When she thought about pursuing a professional cycling career in 2010, her body rebelled on her again. She couldn’t bike more than a half hour, cancelled a hiking trip to the Grand Canyon and spent 10 days in bed.
“I know I couldn’t go on like that,” she said. “I knew it was time to take care of this.”
Among her three specialists, the nutritionist challenged her the most.
“She planned these large volumes of food that were so foreign to me,” Landau said. “At first I felt fat and ugly, but then the Prozac kicked in and that got easier, but after so many years of restricting my diet, I just couldn’t wrap my head around (those quantities).”
Things changed fast. She adopted a dog. She socialized more. She had a menstrual cycle. She was allowed to walk, but not run. Two years later, she had a baby.
They moved to New York, but she hated it. Then back to Berkeley. But after losing her job while she dealt with postpartum depression, she and Grace were living in a friend’s extra room.
“We were on food stamps and I was dipping into my retirement savings,” she said.
Thing went north when she did, after she got a new physician’s assistant job in Tacoma. While she waited for her licensing to be active, she started running with Grace in the stroller, after running a total of 100 miles the previous 14 years.
When her sister visited for Thanksgiving, they ran a turkey trot, and Kate ran 19:08.
“I couldn’t believe I could run that pace for three miles,” she said. “I felt good, and not like I did when I was running when I was younger.”
She ran a 1:25 half marathon in 2014, and in 2016, then won the Tacoma City Marathon in 2:43:51 and the Portland Marathon in 2:38:45. She added titles at Rock ‘n’ Roll Arizona and Eugene in 2018 and Miami in 2019, while dropping her PR to 2:31:56 in Boston in 2019.
She was the second master at the 2017 Boston Marathon, and finished 13th overall there in 2019.
Now 43, she doesn’t have a fraction of the miles on her legs that her peers do. She runs when she can, before picking Grace from daycare when she was younger, or running at lunch. Now back in Tacoma after a short move to Jacksonville in 2019, she faces a long commute and does a lot of her training on a treadmill.
Coming into the Trials, she has the 28th fastest recent marathon, but she’s focusing on Boston again.
James McKirdy has been coaching her over the past year, and he recognizes the parameters in which she has to fit her training.
“She and Rebecca Groner, on the master’s level, have real choices to make between being a mother, working full time and providing and then chasing after their individual dreams,” he said.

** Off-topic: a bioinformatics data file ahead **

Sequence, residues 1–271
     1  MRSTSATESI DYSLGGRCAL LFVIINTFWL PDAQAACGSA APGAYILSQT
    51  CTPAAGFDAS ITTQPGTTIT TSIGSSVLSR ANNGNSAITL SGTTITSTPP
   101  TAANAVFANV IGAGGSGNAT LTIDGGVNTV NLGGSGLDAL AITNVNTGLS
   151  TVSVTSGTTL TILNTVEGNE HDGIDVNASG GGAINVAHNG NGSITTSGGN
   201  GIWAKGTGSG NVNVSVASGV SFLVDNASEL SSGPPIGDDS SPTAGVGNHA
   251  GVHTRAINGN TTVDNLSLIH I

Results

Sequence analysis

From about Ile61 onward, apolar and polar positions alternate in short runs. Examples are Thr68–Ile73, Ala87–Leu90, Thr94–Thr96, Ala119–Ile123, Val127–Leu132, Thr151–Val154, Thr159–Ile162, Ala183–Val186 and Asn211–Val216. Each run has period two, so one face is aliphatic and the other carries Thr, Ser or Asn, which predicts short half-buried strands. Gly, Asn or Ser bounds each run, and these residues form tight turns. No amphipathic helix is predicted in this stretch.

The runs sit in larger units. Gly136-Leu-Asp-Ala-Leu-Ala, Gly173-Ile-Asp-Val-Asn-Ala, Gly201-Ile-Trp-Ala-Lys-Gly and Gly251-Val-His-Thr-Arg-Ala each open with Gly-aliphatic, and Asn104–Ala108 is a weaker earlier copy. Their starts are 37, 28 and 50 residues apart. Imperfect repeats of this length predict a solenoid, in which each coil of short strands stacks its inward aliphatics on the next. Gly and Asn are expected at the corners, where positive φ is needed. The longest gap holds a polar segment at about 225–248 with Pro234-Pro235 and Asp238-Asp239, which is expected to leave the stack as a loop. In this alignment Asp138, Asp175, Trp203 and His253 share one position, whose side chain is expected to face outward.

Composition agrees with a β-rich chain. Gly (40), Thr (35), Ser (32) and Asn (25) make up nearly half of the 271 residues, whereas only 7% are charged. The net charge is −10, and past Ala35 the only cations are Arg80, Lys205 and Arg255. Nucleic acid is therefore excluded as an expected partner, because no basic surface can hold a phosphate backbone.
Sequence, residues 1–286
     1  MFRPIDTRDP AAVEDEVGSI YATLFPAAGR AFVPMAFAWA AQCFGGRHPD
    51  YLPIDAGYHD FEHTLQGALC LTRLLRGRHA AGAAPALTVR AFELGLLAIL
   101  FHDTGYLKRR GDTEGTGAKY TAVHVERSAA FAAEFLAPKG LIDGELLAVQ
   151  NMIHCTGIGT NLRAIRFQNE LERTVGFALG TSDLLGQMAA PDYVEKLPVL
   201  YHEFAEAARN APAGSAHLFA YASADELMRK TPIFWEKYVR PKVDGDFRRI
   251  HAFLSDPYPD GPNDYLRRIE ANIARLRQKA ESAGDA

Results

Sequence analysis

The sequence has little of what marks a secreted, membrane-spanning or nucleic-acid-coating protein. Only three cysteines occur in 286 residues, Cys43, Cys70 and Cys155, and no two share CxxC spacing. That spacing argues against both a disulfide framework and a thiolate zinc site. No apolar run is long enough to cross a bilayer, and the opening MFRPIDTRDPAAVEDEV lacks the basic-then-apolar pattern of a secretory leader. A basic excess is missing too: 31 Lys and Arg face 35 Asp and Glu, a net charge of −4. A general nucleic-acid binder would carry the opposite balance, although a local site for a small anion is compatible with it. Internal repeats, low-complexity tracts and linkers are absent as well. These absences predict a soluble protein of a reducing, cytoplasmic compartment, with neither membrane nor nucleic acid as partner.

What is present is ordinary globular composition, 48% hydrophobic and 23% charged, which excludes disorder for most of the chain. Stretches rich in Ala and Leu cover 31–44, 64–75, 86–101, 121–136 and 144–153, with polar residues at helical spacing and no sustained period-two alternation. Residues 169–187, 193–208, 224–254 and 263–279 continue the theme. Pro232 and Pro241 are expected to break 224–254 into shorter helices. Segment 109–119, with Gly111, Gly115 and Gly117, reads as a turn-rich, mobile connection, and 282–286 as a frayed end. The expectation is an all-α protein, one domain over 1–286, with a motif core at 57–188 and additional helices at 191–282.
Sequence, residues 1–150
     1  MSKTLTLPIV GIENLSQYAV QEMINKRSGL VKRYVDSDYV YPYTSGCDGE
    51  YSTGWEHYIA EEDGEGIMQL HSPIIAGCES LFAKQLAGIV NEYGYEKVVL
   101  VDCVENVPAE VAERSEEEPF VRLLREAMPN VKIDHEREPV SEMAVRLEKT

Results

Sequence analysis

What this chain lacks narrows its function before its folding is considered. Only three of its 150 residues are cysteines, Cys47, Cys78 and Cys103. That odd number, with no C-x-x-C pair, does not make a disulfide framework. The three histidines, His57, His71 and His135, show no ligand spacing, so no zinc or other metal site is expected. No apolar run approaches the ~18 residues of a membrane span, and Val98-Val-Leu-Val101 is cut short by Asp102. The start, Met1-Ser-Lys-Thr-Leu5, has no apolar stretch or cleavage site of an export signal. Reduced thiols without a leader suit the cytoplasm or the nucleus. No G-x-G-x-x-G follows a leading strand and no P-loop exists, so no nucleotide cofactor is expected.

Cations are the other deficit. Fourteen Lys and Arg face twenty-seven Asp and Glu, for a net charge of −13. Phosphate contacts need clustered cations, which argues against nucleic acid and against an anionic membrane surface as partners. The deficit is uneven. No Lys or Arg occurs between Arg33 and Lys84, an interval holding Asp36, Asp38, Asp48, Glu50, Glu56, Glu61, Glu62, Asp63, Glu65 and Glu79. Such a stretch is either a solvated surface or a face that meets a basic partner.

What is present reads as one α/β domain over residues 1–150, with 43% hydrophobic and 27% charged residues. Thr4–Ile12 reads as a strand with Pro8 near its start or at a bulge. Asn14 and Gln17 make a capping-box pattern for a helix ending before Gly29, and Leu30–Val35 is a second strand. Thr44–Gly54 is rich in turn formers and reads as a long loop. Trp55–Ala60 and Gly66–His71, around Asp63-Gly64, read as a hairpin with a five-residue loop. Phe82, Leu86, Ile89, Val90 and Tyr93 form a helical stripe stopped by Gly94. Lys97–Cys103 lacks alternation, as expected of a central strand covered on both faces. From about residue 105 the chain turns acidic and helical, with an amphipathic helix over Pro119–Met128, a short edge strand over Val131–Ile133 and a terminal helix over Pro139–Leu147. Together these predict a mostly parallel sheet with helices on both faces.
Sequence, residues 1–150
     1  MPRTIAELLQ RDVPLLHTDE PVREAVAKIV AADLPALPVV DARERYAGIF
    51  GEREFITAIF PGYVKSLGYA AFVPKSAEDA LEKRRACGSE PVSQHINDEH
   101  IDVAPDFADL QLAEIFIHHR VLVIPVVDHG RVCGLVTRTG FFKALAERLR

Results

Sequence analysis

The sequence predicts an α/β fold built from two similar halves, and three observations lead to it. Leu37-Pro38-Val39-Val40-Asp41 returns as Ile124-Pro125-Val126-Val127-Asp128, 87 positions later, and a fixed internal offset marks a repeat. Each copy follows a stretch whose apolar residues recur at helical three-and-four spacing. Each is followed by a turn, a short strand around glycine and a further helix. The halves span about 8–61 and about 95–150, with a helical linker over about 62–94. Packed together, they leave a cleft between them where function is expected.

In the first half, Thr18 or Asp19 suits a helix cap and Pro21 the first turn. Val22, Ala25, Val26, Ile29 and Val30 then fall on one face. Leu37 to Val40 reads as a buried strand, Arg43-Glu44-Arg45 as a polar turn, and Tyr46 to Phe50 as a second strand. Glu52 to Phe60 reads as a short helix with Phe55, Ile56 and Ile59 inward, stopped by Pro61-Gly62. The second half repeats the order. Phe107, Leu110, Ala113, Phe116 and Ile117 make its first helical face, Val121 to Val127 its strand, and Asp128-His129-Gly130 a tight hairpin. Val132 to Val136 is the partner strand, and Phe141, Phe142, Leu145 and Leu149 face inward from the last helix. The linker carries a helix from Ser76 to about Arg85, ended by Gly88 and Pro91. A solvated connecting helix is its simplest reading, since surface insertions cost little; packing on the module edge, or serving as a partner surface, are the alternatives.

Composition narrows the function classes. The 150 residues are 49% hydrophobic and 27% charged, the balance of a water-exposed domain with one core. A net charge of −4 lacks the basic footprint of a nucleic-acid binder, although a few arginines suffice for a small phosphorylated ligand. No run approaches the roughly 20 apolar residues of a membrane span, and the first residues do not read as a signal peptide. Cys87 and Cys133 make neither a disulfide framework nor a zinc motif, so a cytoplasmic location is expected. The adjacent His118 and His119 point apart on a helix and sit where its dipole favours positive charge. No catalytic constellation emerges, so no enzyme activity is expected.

Landau’s dream right now is to focus on the Boston Marathon, though she will still compete at the Trials, where McKirdy thinks her racing style will pay off.
“We won’t take it lightly,” he said. “The idea behind her training has been to handle both in a very strategic way: We decided to put more emphasis on her long runs so that when she gets to Atlanta, it won’t be a shock to her system. She’s already run 23-, 24-, 25-mile long runs with more hills than she’s going to see in Atlanta, so she’s going to be surprised by how easy it seems.
“My strategy for her is to not race the field. Our plan is to be strategic every single mile when other people are being aggressive and challenging early on.
With her goal of Boston in mind, it’s hard for Landau to judge her fitness, particularly as she adjusts to her new job’s demands.
“I’ve got a lot of other things to balance,” she said. “I can’t dedicate everything to running, so I have goals, but they won’t break me if I don’t hit them.”
Now 7, Grace doesn’t accompany her mother on runs in the stroller, but she knows it’s important to her.
“She knows it makes me happy,” Kate said. “She never has a problem with me going for a run, if she’s going to play date so I can get out there.”
Grace won’t join Landau in Atlanta, which is giving Kate a vacation of sorts.
“I’m looking forward to the time alone in the hotel room,” she said. “I don’t think she would enjoy hanging out while I’m being lazy for a few days.”
Divided lanes coming to Hains Point, safety measures in the works for the Mount Vernon Trail, three locals make national high school XC meet, local collegians race at NCAAs.
St. Albans and GVS’s Vivian Kelly won their first DC cross country titles while St. Johns’ girls and St. Albans’ Pierre Attiogbe repeated.
Beach Drive remains closed to through traffic year-round, locals win conference, USATF titles.
Capt. Kyle King won the Marine Corps Marathon, a year after he planned to make his debut at the race, and Chelsea Baker of the British Royal Navy made tremendous strides winning the women’s race.
Born in 1984 as the George Washington Parkway Classic, it is among the most scenic and spacious distance races on the East Coast. From the serene beauty of our spacious course meandering through the finest spring bloom in the DC